Found an interesting Mandelbrot image at (-0.989771523936768, 0.30932435524936575). You'll need to zoom into the billions to see the dragon, then there are several more zooms to other features until you reach the Mandelbrot copy. I used about 4000 iterations per pixel and I'm still missing detail. [comment]


Yes, the streaming audio works too... but have to find more ways to limit the bandwidth before I attempt to run it up to my server, or I'll swamp my neighbor's DSL connection.

Finally got my Mandelbrot applet to restart after browsing to another page and coming back to it. I'd left stopRequested set to false, so it refused to repaint. By setting it to true in the init() method, it decided to work again. Go figure. So I also added a destroy method to force a gc() on the colors vector, and re-created it in init(). I guess I never was really comfortable with my understanding of the Applet life-cycle, but it's starting to come together after, what, about 20 years? [comment]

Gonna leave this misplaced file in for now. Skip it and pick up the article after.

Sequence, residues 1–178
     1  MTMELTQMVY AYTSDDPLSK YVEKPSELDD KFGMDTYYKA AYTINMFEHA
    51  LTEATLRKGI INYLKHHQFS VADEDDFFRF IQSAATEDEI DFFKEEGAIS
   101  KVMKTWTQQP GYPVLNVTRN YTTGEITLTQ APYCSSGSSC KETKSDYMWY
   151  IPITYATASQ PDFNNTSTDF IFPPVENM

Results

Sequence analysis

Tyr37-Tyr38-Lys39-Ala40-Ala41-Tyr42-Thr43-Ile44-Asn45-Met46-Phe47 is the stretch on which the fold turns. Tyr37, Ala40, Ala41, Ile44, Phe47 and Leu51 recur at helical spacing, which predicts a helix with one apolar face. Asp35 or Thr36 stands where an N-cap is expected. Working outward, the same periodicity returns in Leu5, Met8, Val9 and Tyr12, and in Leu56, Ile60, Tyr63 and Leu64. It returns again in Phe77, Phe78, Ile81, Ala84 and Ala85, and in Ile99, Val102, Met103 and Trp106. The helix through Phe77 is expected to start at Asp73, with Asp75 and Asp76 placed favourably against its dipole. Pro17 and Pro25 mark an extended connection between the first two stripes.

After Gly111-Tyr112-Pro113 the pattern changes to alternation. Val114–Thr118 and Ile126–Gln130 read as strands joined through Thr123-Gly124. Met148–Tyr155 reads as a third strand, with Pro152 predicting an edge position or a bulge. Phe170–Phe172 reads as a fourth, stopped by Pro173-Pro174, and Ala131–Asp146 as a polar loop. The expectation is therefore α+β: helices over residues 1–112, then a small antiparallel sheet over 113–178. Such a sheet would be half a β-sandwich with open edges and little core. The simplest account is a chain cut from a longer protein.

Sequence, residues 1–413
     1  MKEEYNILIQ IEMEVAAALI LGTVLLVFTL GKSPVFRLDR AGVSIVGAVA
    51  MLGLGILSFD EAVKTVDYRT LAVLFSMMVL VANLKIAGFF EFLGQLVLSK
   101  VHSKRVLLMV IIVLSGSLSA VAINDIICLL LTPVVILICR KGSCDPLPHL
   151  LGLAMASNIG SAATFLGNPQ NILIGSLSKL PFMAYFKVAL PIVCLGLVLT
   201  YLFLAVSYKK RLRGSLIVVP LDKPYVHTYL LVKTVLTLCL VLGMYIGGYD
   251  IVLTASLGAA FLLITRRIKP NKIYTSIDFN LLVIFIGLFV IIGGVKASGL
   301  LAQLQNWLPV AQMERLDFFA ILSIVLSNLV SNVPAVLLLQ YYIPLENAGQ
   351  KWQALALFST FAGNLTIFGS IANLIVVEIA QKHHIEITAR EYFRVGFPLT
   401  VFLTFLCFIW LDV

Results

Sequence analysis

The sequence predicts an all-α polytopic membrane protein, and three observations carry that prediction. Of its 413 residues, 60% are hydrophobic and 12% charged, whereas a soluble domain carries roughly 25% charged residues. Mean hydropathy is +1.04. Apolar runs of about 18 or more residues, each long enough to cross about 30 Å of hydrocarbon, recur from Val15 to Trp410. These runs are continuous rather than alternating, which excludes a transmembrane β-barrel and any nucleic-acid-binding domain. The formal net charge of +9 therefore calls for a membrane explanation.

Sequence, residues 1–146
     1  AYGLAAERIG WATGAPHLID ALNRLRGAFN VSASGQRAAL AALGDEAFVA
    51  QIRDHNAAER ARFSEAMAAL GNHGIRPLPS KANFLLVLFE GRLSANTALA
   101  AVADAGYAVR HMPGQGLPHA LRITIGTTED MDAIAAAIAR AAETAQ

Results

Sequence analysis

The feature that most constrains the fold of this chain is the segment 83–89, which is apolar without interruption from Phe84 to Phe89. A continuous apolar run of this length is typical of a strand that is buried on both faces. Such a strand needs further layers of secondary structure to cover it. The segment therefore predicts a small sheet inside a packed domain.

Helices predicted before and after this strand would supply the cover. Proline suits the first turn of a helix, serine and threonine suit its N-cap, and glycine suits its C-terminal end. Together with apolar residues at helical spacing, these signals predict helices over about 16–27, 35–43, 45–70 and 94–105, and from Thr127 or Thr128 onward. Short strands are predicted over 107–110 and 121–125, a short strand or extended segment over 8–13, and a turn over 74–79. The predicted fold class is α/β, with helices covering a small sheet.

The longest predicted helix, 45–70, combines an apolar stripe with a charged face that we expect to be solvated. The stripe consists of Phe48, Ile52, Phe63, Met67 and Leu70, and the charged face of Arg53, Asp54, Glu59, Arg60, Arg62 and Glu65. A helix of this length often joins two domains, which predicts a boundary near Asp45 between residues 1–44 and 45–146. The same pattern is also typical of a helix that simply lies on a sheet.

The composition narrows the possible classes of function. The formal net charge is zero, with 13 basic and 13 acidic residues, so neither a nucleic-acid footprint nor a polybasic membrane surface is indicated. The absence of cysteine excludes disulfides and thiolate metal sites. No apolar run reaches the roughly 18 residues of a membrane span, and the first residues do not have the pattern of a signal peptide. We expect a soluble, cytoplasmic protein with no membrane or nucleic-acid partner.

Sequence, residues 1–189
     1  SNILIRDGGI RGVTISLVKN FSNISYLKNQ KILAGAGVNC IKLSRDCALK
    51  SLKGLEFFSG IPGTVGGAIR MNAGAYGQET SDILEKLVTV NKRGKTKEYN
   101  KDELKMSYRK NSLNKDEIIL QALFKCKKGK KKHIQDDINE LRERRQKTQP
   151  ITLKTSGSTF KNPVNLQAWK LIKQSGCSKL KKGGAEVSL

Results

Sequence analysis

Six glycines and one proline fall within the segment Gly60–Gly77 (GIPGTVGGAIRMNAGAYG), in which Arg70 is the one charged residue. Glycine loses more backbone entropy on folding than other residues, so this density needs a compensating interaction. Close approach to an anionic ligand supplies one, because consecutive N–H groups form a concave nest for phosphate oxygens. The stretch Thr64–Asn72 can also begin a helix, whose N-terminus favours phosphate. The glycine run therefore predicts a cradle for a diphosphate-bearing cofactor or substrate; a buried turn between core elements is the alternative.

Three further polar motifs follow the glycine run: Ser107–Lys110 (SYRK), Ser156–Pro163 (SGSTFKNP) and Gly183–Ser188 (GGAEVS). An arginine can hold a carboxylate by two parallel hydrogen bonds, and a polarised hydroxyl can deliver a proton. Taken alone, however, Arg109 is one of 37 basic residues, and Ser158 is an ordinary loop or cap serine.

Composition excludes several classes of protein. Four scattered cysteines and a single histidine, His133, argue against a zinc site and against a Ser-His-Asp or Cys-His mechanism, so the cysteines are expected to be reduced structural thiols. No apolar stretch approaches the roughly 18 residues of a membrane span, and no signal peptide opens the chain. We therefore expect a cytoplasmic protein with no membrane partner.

Got my cheapo webcam to stream using:

$ vlc --ttl 1 dshow:// :dshow-vdev="ZSMC USB PC Camera (ZS211)" \
:dshow-adev="ESS Maestro" :dshow-size="320x240" \

This is from a Cygwin command prompt over an ssh connection! Before I added the transcoding options, I was getting "cannot create packetizer output" errors for both RV24 and s16l. Help for these errors on the forums is practically nonexistent, ditto for VideoLAN documentation. But it's free and open source, I'm not complaining. Not a lot, anyway.

It's having problems, but the basic picture is there, not sure about the audio yet. Batteries are too low -- we've had about two weeks or so with almost no wind. Not sure if that's typical for this time of year, or anomalous, but either way it's kind of nice. I've been able to sleep outdoors despite the cold most nights thanks to the dead calm.

The next step is to stream it to my server so I can see what's going on here while I'm in Mexico. [comment]